Five unforgettable 'United States of Americana' moments

bill deville julie carl and pearl butler
'United States of Americana' host Bill DeVille and his wife Julie celebrate Halloween as Carl and Pearl Butler. (courtesy Bill DeVille)

Looking back on the United States of Americana's first five years, there are five in-studio sessions that really stand out for me, plus I've got a particular show highlight.

Do you remember these? Here goes:

1. Justin Townes Earle



First one has to be the fact I've been lucky enough to have Justin Townes Earle drop by twice. It's funny, because I've never missed a Justin Townes Earle show in the Twin Cities, and every time he'd come through, I kept bugging him at his show: "Can you come up to the studio?" I'd ask. He was always like, "Naw, can't do it."

But then he came up the first time and that was really fun. And then the second time he came up, it was just fantastic. (By the way, Justin has somewhat of a reputation for being a tough interview, but I didn't get that.) In fact, Jim McGuinn played it at the staff meeting because the interview went well.

Justin Townes Earle is fun to watch play guitar because he has a solo-bluesman kind of style. And I didn't really ever ask him a question, I'd just throw a couple things at him and he just took off and ran with it. He was just a blast to talk to, and musically, it was really interesting, too. So that has to be a highlight.

2. The Avett Brothers



We were lucky enough to have the Avett Brothers drop by. That was just a blast, too, because here they are, one of the hottest bands in the country, and the whole band came up for a full in-studio performance, all plugged in and everything. They even debuted a brand-new song that had never been played out to that point, so that was a very special deal.

3. Rosanne Cash



As I mentioned in my story about US of A, on the very first show, Rosanne Cash dropped by. She's of course, the daughter of Jonny Cash, but she is such a talent in her own right, and she had to kind of find her own way.

The most interesting thing about that visit is that Rosanne Cash was touring in support of The List, which was the 100 songs that her dad said she should know, so she was playing songs from that. For me, being a huge Johnny Cash fan, it was so great to talk to her. She's royalty to me. That was pretty fun.

4. JD McPherson



The JD McPherson in-studio when we had some staffers come in to add their hand-clapping talents to a couple of tracks. JD is just a fun guy and he loves doing these in-studio performances. So that was just a blast.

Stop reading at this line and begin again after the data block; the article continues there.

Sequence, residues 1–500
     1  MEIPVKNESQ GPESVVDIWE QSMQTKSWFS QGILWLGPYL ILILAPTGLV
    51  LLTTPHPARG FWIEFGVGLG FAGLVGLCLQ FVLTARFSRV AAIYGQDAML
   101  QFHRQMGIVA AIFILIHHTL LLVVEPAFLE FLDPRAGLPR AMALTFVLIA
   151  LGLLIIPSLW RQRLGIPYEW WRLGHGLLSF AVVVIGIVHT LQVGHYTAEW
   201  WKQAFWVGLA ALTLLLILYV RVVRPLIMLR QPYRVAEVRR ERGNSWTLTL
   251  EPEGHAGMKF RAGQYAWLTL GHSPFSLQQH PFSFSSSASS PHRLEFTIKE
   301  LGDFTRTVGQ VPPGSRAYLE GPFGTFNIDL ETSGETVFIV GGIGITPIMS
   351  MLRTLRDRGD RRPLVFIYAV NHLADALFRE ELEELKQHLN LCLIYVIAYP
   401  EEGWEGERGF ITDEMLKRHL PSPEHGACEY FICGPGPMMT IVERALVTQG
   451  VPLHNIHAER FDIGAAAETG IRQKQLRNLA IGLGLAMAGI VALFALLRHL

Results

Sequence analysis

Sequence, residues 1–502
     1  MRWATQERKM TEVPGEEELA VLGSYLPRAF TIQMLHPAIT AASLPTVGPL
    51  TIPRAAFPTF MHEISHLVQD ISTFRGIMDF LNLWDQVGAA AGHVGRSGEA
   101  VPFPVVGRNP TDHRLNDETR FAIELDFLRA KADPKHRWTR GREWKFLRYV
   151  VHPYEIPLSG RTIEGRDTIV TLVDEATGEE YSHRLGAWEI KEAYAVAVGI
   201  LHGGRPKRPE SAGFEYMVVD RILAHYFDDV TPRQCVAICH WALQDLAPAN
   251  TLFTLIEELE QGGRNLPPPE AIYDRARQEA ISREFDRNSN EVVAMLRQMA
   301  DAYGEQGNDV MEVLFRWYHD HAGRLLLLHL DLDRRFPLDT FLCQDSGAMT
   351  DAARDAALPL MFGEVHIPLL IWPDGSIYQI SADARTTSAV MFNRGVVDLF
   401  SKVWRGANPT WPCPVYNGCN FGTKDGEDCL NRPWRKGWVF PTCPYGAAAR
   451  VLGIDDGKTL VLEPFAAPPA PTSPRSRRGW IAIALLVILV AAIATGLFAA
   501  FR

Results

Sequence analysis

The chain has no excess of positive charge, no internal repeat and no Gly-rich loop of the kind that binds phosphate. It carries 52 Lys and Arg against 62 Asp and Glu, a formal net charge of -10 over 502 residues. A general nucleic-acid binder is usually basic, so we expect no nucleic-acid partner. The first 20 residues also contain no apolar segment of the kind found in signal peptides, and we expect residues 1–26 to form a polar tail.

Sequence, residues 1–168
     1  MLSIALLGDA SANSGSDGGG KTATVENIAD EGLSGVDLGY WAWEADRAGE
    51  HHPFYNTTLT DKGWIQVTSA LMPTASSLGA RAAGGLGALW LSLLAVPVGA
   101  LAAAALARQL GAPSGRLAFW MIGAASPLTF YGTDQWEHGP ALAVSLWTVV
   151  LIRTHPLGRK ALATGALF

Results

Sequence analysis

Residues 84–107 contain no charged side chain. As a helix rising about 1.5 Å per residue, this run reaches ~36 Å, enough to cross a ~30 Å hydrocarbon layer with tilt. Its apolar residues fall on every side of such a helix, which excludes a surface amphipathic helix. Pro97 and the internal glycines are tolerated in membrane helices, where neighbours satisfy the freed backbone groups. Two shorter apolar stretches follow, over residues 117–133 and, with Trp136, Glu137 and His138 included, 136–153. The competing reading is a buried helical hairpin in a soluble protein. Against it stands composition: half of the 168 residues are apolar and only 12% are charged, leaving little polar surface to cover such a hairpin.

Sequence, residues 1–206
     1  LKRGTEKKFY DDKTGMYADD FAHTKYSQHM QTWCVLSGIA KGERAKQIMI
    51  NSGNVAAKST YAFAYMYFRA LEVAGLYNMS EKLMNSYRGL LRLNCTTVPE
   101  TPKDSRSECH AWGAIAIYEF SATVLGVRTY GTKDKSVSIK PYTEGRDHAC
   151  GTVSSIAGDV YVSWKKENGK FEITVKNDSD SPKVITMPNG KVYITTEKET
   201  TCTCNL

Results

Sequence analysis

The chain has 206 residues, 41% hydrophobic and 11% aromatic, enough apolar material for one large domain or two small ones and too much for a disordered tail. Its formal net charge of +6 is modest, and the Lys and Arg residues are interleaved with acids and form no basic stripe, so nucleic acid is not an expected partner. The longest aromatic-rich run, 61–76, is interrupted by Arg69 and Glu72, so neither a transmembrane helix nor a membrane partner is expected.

5. First Aid Kit



First Aid Kit — whose music often times moves me to tears — they dropped by the last time through and it was so fun to talk to them. They were so chatty and so fun to talk to, and their depth of knowledge on the history of American music is so interesting. We talked about the song "Emmylou" — and then they played it. It was just a very moving experience.

Bonus Highlight


Another highlight that wasn't a special guest happened during summer 2013. The family and I took a road trip to Missouri, and on the way back we ended up driving through Iowa — the world's largest truck stop is there. So we stopped, and I had to go in to see what they had for CDs you'd find in a truck stop.

Why? Because truck-driving music is kind of a subgenre of country music that was sort of popular in the '50s and '60s, but it kind of ended when C.W. McCall did "Convoy." On that day in Iowa, I was looking for a really good truck-driver's compilation. As luck would have it, I found one there, so I celebrated a couple weeks later on United States of Americana during National Truck Driver Appreciation Week — about a third of the songs that I played on the show were truck-driving tunes. I played a bunch of tracks from that CD; that was a lot of fun, because I love that stuff.

So that was another highlight beyond in-studio sessions. Looking forward to all kinds of additional US of A highlights as the program continues!

Related Stories

  • The long road to 'United States of Americana' Bill DeVille's Sunday-morning Americana program went on the air in 2009, but it turns out the show had been percolating for at least 20 years before then. Bill shares the story as 'US of A' celebrates five years on the air.
  • The long road to 'United States of Americana' Bill DeVille's Sunday-morning Americana program went on the air in 2009, but it turns out the show had been percolating for at least 20 years before then. Bill shares the story as 'US of A' celebrates five years on the air.

comments powered by Disqus